Abstract

We examined the energy costs of different resistance training protocols where exercise and recovery periods were equated: 48 total seconds of exercise and 210 seconds of between-set recovery. Two separate investigations were carried out at 65% of a 1 repetition maximum (1RM): back squat (7 men, 3 women) and bench press (9 men). Lifting cadence for concentric and eccentric phases was set at 1.5 sec each with 30 sec between-set recovery periods for the 8 sets, 2 reps protocol (sets) and a 3 min and 30 sec between-set recovery period for the 2 sets, 8 reps protocol (reps). The amount of oxygen consumed during lifting and between-set recovery periods was significantly greater for sets vs. reps protocol for both the back squat (+41%) and bench press (+27%) (p = 0.0001). Moreover, the total aerobic cost including the after-lifting excess post-exercise oxygen consumption (EPOC) was larger for the increased sets protocol for both the squat (+27%, p = 0.01) and bench press (+29%, p = 0.04). Total energy costs - aerobic plus anaerobic, exercise and recovery - were not different among sets or reps protocols. We conclude that a greater volume of oxygen is consumed with a lower repetition, increased number of sets resistance training protocol. We suggest that more recovery periods promote a greater potential for fat oxidation.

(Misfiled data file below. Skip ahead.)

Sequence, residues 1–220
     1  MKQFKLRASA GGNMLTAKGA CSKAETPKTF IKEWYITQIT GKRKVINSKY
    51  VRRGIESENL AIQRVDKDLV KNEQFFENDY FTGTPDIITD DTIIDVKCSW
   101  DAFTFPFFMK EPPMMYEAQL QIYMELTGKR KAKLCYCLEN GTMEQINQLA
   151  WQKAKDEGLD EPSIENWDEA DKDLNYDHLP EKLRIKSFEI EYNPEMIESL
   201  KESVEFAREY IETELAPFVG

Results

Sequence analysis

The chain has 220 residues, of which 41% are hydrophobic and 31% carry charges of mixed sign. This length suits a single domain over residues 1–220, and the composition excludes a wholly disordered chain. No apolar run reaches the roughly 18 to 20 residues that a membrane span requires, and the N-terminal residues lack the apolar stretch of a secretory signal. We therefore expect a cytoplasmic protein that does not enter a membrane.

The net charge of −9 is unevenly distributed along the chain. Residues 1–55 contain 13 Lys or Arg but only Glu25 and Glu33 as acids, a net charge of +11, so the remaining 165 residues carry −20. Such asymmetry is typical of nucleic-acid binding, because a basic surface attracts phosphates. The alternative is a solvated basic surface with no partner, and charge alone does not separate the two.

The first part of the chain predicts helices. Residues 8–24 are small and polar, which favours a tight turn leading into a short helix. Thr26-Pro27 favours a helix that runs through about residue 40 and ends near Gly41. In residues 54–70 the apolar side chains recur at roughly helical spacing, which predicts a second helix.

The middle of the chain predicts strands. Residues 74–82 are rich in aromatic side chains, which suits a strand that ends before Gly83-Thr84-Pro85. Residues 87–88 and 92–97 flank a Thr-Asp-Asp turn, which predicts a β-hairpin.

Keywords

Muscle metabolism Energy costs Intermittent exercise Fat oxidation

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